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McCain Clarifies 'Christian' Nation Remark

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  • Sen. John McCain
    (Photo: AP Images / Jim Cole)
    Republican presidential hopeful, U.S.Sen. John McCain, R-Az.,shakes hands following a campaign stop in Derry, N.H., Sunday, Sept. 30, 2007.
By Jennifer Riley, Christian Post Reporter
October 2, 2007|8:27 am

WASHINGTON – Presidential hopeful Sen. John McCain (R-Ariz.) was criticized by several religious groups Monday following his remark that America is a Christian nation and that he prefers a Christian president to lead the country.

The multi-denominational Web site Beliefnet, which covers religion and spirituality, asked McCain if a Muslim candidate could be a good president.

“I just have to say in all candor that since this nation was founded primarily on Christian principles … personally, I prefer someone who I know who has a solid grounding in my faith,” McCain said in the interview posted Saturday.

“But that doesn’t mean that I’m sure that someone who is Muslim would not make a good president,” he added, saying he would vote for a Muslim if the person was “best able to lead the country and defend our political values.”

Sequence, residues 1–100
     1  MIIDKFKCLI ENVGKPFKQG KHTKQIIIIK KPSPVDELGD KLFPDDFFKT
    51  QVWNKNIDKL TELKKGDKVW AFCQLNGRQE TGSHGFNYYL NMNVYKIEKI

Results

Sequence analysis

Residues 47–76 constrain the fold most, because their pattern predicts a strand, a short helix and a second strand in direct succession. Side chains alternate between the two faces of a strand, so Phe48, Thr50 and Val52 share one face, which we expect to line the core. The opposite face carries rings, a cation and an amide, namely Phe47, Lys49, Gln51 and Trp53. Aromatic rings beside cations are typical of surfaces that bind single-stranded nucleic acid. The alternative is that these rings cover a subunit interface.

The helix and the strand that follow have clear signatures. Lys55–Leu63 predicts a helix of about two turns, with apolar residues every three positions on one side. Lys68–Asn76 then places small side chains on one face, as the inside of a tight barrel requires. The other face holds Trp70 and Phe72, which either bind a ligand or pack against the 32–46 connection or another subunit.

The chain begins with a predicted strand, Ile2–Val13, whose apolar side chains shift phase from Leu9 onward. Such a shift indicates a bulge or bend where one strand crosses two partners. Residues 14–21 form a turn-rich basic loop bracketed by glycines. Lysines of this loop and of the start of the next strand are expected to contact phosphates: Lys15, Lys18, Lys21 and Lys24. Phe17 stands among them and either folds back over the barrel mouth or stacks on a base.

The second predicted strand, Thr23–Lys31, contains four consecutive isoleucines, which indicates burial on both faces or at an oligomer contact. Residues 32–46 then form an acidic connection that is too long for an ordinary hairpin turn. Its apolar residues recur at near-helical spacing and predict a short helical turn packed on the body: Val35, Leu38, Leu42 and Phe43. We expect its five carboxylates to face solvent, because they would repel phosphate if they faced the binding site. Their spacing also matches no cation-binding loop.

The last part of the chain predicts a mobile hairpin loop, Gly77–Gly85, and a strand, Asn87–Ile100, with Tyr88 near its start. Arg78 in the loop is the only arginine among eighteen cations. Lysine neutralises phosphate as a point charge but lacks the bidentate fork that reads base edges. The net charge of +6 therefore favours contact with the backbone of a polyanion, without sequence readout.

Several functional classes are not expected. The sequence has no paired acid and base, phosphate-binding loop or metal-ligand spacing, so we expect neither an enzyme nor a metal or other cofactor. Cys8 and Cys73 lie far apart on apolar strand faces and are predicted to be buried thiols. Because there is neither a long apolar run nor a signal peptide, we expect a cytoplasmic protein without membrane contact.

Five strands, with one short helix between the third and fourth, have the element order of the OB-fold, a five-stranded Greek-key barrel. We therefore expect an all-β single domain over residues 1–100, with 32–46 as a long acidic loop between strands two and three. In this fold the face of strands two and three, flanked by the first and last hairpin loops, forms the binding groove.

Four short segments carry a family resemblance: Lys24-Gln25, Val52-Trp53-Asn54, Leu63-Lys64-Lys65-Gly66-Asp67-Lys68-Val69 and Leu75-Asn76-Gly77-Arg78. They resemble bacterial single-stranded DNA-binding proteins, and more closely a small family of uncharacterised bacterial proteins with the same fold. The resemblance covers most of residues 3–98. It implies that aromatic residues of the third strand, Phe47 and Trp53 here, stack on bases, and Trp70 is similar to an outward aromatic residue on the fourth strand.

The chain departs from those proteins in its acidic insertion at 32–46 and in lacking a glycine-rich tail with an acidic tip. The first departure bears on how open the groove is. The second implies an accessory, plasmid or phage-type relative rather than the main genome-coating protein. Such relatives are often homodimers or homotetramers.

McCain was raised Episcopalian and currently attends a Baptist church in Arizona.

The White House hopeful also said he agreed with a recent poll that 55 percent of Americans believe the U.S. Constitution establishes a Christian nation.

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“I would probably have to say yes, that the Constitution established the United States of America as a Christian nation,” he said in the interview.

Several Jewish and Muslim organizations denounced McCain’s comments arguing that McCain offended America’s pluralistic faith heritage and that there was no religious requirement for public office.

Among the organizations expressing opposition are the American Jewish Committee, the National Jewish Democratic Council, and Council on American-Islamic Relations.

“To argue that America is a Christian nation, or that persons of a particular faith should by reason of their faith not seek high office, puts the very character of our country at stake,” Jeffrey Sinensky, the general counsel of the American Jewish Committee, said in a statement.

Sen. Joe Lieberman (D-Conn.), an Orthodox Jew, defended his colleague.

“I have known John McCain very well for many years and I know that he does not have a bigoted bone in his body,” said Lieberman, according to The Associated Press. “I know that he is fair and just to all Americans regardless of their faith.”

McCain also sought to clarify his remarks while campaigning in Hollis, N.H.

“What I do mean to say is the United States of America was founded on … Judeo-Christian values, which were translated by our founding fathers [and are] basically the rights of human dignity and human rights,” he said, according to CNN.

“I believe that anyone can be president of the United States of any faith,” McCain said.

McCain’s spokeswoman, Jill Hazelbaker, also said, in a statement, that when the interview is “read in context” the statement that America is a Christian nation “is hardly a controversial claim.”

 

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